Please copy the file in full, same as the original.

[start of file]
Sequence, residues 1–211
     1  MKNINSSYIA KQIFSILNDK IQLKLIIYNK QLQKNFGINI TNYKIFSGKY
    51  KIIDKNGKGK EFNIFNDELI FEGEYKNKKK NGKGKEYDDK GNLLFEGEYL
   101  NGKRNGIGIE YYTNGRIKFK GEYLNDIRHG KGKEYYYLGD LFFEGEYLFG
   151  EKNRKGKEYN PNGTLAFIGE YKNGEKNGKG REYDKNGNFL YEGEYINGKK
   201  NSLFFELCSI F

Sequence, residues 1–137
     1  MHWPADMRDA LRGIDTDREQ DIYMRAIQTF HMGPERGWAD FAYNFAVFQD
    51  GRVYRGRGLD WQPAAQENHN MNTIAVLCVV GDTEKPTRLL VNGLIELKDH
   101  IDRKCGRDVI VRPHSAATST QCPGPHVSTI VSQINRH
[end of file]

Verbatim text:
Sequence, residues 1–211
     1  MKNINSSYIA KQIFSILNDK IQLKLIIYNK QLQKNFGINI TNYKIFSGKY
    51  KIIDKNGKGK EFNIFNDELI FEGEYKNKKK NGKGKEYDDK GNLLFEGEYL
   101  NGKRNGIGIE YYTNGRIKFK GEYLNDIRHG KGKEYYYLGD LFFEGEYLFG
   151  EKNRKGKEYN PNGTLAFIGE YKNGEKNGKG REYDKNGNFL YEGEYINGKK
   201  NSLFFELCSI F

Sequence, residues 1–137
     1  MHWPADMRDA LRGIDTDREQ DIYMRAIQTF HMGPERGWAD FAYNFAVFQD
    51  GRVYRGRGLD WQPAAQENHN MNTIAVLCVV GDTEKPTRLL VNGLIELKDH
   101  IDRKCGRDVI VRPHSAATST QCPGPHVSTI VSQINRH